Create a Rewarding Project Environment
When you turn up to work, whether that’s in the office or remotely, you want your workplace to be a nice place to be, don’t you?
There has been loads of research over the years about the benefits of creating a rewarding workplace culture where people want to work. It’s not difficult to draw the line between the office environment and people’s motivation: having worked in a variety of office and site settings over the years we can tell you from personal experience that pleasant surroundings – both physically and in terms of organizational culture – make a difference.
It’s well known that happier employees are more motivated, stay with the company longer and are more likely to put in that extra little bit of effort. So how do you create this unicorn-style environment across the organization or within your project or program team? We have 7 factors to share that will help elevate your work culture to somewhere irresistible for your staff and clients.
1. Making work fun
Fun tops the list, and yet most of us don’t go to work to have fun. We might enjoy it when we’re there, but if you asked your team what they do for fun, they probably wouldn’t say coming to the office.
However, a positive work culture is one that has an element of fun.
How to do it: Think about team building, taking part in national days of fundraising where you wear something specific or hold a charity event, or social activities that bring the team together in a fun way. You don’t need to create belly laughs, but if people enjoy their work and being at work, they’ll show up in a more engaged way.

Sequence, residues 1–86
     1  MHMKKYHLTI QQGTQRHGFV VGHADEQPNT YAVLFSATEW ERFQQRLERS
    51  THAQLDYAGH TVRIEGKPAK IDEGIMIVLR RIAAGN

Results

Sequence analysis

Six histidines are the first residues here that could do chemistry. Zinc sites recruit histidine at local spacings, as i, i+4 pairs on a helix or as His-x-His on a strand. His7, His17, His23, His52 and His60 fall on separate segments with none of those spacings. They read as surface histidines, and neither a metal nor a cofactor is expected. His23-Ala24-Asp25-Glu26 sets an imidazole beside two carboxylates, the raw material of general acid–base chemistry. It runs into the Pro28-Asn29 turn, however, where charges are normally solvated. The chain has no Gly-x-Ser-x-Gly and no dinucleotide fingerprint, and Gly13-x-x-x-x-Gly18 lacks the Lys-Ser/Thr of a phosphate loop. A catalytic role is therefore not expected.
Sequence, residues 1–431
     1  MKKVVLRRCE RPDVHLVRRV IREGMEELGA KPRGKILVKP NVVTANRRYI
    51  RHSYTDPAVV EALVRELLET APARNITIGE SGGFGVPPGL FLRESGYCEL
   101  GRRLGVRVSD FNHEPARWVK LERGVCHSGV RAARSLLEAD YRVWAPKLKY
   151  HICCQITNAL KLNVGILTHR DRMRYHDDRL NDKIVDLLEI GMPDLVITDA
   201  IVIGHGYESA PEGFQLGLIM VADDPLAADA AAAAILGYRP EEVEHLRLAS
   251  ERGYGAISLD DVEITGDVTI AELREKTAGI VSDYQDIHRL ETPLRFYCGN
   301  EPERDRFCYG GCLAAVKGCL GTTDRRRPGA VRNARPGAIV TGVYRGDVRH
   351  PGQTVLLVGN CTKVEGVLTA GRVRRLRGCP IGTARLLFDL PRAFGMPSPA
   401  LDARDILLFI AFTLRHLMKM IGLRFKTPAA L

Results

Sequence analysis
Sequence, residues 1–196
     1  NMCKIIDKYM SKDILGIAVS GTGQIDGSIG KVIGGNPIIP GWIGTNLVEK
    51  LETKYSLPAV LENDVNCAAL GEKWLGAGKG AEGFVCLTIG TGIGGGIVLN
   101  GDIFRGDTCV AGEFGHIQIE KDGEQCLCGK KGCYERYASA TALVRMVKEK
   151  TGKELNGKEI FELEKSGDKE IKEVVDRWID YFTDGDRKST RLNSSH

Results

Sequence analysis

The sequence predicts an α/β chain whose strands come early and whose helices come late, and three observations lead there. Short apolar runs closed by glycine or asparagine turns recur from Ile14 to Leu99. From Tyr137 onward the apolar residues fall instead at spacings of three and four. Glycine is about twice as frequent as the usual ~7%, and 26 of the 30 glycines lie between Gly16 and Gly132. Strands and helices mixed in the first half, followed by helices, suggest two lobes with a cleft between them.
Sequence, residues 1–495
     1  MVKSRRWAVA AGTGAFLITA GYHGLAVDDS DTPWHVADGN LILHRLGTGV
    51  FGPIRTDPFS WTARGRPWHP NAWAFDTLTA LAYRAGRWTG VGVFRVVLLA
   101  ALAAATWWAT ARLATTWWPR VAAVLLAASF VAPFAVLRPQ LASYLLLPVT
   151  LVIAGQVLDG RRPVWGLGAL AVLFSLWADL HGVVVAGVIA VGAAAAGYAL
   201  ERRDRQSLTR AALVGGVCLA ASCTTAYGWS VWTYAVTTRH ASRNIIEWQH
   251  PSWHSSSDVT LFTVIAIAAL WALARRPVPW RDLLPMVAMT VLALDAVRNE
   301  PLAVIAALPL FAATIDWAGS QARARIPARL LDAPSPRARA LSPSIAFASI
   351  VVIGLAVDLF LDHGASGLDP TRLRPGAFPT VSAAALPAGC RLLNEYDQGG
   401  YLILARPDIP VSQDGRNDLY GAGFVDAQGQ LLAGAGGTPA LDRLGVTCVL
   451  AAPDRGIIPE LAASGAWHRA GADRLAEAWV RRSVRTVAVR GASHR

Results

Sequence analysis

2. Showing strategic impact
People want to contribute in meaningful ways. It’s more rewarding to work in an organization where you can directly see how your tasks are supporting a larger business goal. That, of course, relies on the organization having a clear strategy that is communicated to staff but even if you are not in a position to put together a longer term strategy for your business, you can still talk about the vision for this project and how someone is contributing to the end goal.
How to do it: Draw clear lines between strategic objectives and the work of the project, and then between the project and the contribution of the individual. Share the mission and goals of the project with the team so they can see why it’s an important piece of work and why the firm is investing in it.
3. Showing appreciation
Most people like to be recognized for their contribution – even if they don’t tell you they do! It costs nothing to say thank you and appreciate the effort that people make.
How to do it: Make sure you know the names and roles of everyone on the team, even those people who are contributing ‘at a distance’ from the main project work. Book time in your calendar to regularly contact individuals and thank them for their contribution to the project. People appreciate a quick phone call or email, and you can schedule those at points in the project where you know a particular piece of work will be finishing. Booking the time to show appreciation makes it more likely that you’ll be able to do it, even if the day-to-day work of the project is busy.
4. Being flexible